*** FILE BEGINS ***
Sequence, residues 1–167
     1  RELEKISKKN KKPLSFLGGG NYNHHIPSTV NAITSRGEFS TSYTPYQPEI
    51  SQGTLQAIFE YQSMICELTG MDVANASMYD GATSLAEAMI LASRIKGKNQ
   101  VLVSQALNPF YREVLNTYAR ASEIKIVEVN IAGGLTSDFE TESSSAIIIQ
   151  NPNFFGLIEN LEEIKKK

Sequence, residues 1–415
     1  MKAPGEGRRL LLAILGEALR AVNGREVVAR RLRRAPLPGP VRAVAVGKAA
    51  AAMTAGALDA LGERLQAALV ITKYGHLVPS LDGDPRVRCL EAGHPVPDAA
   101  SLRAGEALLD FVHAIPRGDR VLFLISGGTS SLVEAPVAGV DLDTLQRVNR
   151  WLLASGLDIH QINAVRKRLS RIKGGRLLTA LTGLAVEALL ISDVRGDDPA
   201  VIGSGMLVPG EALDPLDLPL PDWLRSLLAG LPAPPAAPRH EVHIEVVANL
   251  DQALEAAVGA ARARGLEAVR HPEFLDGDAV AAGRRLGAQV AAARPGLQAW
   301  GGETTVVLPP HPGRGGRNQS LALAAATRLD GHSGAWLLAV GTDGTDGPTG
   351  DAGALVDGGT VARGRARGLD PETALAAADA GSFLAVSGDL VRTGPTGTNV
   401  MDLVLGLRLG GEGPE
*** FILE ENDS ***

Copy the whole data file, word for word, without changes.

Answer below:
Sequence, residues 1–167
     1  RELEKISKKN KKPLSFLGGG NYNHHIPSTV NAITSRGEFS TSYTPYQPEI
    51  SQGTLQAIFE YQSMICELTG MDVANASMYD GATSLAEAMI LASRIKGKNQ
   101  VLVSQALNPF YREVLNTYAR ASEIKIVEVN IAGGLTSDFE TESSSAIIIQ
   151  NPNFFGLIEN LEEIKKK

Sequence, residues 1–415
     1  MKAPGEGRRL LLAILGEALR AVNGREVVAR RLRRAPLPGP VRAVAVGKAA
    51  AAMTAGALDA LGERLQAALV ITKYGHLVPS LDGDPRVRCL EAGHPVPDAA
   101  SLRAGEALLD FVHAIPRGDR VLFLISGGTS SLVEAPVAGV DLDTLQRVNR
   151  WLLASGLDIH QINAVRKRLS RIKGGRLLTA LTGLAVEALL ISDVRGDDPA
   201  VIGSGMLVPG EALDPLDLPL PDWLRSLLAG LPAPPAAPRH EVHIEVVANL
   251  DQALEAAVGA ARARGLEAVR HPEFLDGDAV AAGRRLGAQV AAARPGLQAW
   301  GGETTVVLPP HPGRGGRNQS LALAAATRLD GHSGAWLLAV GTDGTDGPTG
   351  DAGALVDGGT VARGRARGLD PETALAAADA GSFLAVSGDL VRTGPTGTNV
   401  MDLVLGLRLG GEGPE